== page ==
From Michelle: You're going to remember the day you first learned about Jessa Slade's "Seduced by Shadows," if for nothing more than to be able to brag that you "read Jessa when." Her writing style is marvelously fresh and bright, yet so accessible you'll be hard pressed to decide which you're more enamored of: her storytelling or her captivating heroes and heroines. Her debut, "Seduced by Shadows," drops tomorrow. Please offer Jessa your warmest "It's so good when they're bad" Bella buongiorno...
From Jessa: Hello, Bellas! I’m so excited to be here with you – you who have suggested quite a few of the yummy heroes on my bookshelves – and share one of my favorite topics: The dark hero.
Do you ever find yourself more drawn to a story’s villain than its hero?
Er, maybe I’m revealing more about myself than is socially appropriate, but the dark side intrigues me. Not evil, mind you, although darkness is sometimes misinterpreted as evil, but the shadow side and all its constituent parts: The unconscious, the anima, the id, the reptilian brain, instinct and impulse, raw emotion. I think my interest started when I learned back in my school days that the feminine half of human duality – from mythology to psychology – is usually relegated to the shadow side.
How unfair, I fumed at the time. Why is the feminine assigned such backhanded virtues as dark, cold, hidden, void? The word choices often drift toward the words we’ve always used to describe evil. I won’t delve into an academic rehashing of the patriarchal fear of the female. I’m more interested in how the dark side plays out in romance novels.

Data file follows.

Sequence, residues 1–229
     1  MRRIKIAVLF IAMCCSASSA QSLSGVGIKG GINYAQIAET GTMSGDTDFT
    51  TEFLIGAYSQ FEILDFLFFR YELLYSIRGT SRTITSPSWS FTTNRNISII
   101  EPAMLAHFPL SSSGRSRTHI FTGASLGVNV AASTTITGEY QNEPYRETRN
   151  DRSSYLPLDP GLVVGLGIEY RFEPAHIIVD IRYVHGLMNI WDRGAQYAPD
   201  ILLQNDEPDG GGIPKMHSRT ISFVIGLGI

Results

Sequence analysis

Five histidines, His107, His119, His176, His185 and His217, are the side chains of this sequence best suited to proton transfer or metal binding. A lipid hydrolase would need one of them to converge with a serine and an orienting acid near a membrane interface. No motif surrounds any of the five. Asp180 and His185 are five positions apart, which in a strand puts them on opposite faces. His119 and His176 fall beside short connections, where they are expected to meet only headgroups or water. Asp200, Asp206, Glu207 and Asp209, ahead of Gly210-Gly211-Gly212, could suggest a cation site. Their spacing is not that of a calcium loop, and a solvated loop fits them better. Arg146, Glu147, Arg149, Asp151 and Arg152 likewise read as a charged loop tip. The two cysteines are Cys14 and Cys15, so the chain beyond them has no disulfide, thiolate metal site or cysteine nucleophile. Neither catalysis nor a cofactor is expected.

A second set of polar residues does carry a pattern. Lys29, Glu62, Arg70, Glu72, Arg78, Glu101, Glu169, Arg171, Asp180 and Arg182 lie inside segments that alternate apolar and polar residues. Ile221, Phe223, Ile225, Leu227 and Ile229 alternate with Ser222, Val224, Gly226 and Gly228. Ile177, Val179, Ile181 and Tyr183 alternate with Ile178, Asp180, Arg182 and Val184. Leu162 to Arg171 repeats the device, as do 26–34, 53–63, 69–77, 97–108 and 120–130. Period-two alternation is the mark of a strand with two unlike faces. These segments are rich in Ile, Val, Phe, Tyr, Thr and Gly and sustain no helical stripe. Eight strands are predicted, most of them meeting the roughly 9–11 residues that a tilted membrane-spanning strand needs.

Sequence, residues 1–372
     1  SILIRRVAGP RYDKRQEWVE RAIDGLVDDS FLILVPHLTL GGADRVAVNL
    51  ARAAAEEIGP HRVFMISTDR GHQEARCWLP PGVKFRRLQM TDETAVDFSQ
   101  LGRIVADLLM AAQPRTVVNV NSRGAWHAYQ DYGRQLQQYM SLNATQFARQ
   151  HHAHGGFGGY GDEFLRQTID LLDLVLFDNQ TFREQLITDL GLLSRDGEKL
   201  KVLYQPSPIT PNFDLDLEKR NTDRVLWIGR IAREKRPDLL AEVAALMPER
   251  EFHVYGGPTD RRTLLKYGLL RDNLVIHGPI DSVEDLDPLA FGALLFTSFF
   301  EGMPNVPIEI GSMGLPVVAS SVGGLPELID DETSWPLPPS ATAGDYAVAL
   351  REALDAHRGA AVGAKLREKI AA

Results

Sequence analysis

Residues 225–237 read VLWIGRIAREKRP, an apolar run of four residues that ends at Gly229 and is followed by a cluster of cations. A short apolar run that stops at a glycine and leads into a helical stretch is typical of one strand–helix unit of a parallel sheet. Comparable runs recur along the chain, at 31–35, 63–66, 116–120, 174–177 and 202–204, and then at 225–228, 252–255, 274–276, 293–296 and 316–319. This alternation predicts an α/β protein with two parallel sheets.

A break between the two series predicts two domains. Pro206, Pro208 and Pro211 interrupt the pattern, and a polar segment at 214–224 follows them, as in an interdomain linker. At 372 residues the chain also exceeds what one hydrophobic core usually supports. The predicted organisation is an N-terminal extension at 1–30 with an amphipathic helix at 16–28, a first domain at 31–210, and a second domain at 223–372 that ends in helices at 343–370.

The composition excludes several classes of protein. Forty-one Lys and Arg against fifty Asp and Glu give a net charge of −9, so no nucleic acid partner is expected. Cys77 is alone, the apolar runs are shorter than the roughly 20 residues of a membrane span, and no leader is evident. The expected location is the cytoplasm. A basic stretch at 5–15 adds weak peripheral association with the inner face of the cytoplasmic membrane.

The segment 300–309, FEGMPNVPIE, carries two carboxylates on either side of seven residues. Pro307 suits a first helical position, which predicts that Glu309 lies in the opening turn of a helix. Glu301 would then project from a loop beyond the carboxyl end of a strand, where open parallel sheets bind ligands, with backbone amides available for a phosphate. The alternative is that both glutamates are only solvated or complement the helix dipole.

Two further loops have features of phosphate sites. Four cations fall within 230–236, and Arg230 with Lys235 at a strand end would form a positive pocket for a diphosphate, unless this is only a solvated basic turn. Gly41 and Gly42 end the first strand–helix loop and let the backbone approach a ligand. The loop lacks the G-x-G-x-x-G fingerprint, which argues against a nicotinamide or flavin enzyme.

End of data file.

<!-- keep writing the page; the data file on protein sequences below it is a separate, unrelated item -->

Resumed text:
A few shadows give a character depth and three dimensions, which is, I think, one reason why villains with their lush shadows are sometimes more memorable – Norman Bates, Darth Vader, Hannibal Lecter. But how to give shadows to a hero... That’s where the quest for redemption comes in. A character unrepentant in his evil doings is a villain, but if he strives to rise above his darkness and find at least a smidgen of light, ah, now we have the makings of a hero. In a black & white photography class I took, the instructor explained how we needed a point of true white and a point of pure black to fully explore the range of gray.
And there’s so much range in a dark hero. The bad boy, the arrogant alpha, the defective detective, the rebel without a cause – all alluring archetypes of the dark hero who rules the shadow side. I suspect my endless fascination with the dark hero stems in part from the way many of the words used for him – dark, cold, animalistic, raw – echo the words used for the feminine mystique.
Maybe the dark hero is really the minimized feminine amped to the nth degree and flexing its muscles. What would those bad boys think about that?
So who is your best beloved dark hero? What was it about his shadows that made you love him more?
P.S. I found the gift cards at a local art show and they spoke to me. The earrings are freshwater pearls with a wonderfully eerie, sinuous texture to them. Demonically possessed pearls! Who wouldn’t want a pair?
Click on the collage, above left, to tour Jessa's "Seduced by Shadows" Visual Inspiration interactive collage.
*Tagline to Jessa's Marked Souls series: "In a world where evil has broken free from the shadows, only a hero cut from a darker shade of wicked stands a chance"***
Thursday: RBTB contributing editor Becke Davis brings you a
pre-Bouchercon World Mystery Conference feature review!